November 10, 2011
Things Fall Apart and the Second Coming
Chinua Achebe based his story, "Things Fall Apart," on the poem by William Butler Yeats called "The Second Coming." These two pieces of literature have many similarities despite being two completely different pieces of literature. It is clearly shown that both authors wanted to illustrate great change between an old era to a new era with the changes taking place. Achebe begins his book with an excerpt to the beginning of the poem: “Turning and turning in the widening gyre
The falcon cannot hear the falconer;
Things fall apart; the centre cannot hold;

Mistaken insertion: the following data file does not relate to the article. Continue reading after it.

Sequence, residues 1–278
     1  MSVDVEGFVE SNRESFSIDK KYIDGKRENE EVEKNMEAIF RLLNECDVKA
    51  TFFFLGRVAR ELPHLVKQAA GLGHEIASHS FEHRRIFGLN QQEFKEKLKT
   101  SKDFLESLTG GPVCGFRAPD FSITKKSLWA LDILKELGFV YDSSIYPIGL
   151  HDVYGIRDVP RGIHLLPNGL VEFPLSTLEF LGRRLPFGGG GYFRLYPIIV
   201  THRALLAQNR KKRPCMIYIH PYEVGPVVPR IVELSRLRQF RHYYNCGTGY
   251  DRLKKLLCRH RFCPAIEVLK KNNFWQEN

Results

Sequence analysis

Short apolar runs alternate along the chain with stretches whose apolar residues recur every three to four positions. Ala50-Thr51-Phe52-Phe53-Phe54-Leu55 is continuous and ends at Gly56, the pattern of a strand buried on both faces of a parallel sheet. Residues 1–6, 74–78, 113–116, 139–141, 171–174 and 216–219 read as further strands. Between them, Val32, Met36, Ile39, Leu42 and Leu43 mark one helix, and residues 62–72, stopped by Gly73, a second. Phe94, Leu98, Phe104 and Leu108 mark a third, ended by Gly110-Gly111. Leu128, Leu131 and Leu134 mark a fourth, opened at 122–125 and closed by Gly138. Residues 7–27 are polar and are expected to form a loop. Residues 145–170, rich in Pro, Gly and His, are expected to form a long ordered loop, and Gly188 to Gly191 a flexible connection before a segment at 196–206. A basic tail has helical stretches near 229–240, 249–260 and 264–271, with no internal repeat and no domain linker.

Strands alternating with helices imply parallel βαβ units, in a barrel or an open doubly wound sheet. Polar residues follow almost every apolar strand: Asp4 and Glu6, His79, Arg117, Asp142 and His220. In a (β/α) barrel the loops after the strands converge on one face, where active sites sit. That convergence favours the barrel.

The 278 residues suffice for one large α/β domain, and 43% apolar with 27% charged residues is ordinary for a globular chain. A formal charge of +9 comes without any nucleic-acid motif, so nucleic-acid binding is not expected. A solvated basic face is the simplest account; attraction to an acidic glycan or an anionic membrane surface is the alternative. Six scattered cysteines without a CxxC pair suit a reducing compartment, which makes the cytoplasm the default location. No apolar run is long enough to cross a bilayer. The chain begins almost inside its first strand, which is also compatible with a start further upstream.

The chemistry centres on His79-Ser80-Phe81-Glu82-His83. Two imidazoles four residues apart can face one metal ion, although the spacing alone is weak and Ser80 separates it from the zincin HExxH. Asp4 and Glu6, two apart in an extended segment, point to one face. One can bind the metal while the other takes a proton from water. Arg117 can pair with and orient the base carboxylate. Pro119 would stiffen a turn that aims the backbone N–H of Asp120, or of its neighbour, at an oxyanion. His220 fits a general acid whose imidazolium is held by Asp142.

Mere anarchy is loosed upon the world” (Yeats, lines 1-4). Although Achebe begins with this excerpt, the phrase “things fall apart; the centre cannot hold” (Achebe, 3) is in direct correlation to Yeat’s poem of drastic change. Achebe describes the situation of the Igbo culture through these lines of the poem in which Yeats describes his own condition of the world. In the quote “things fall apart”, it is referenced by Achebe to foreshadow events that are to occur in the novel in which leads the protagonist Okonkwo to his greatest downfall as well as his death. Additionally, he hints at the chaos that arises when a system collapses to the new changes that take place upon the Igbo culture. In Mbanta and Umuofia children played an even larger role as they were the future and centre therefore, as “things [fell] apart”, “the centre cannot hold” together. The clans depended on the sons to continue their ways as they grew older and stronger. Once the younger people began to convert, it paved the way for others to join and for the church to get stronger. "The falcon cannot hear the falconer" (Yeats, line 2). The quote represents the growing gap between the young generation and the old, traditional generations. Achebe incorporates a similar interpretation of the quote as he describes the situation of the younger members of Mbanta...
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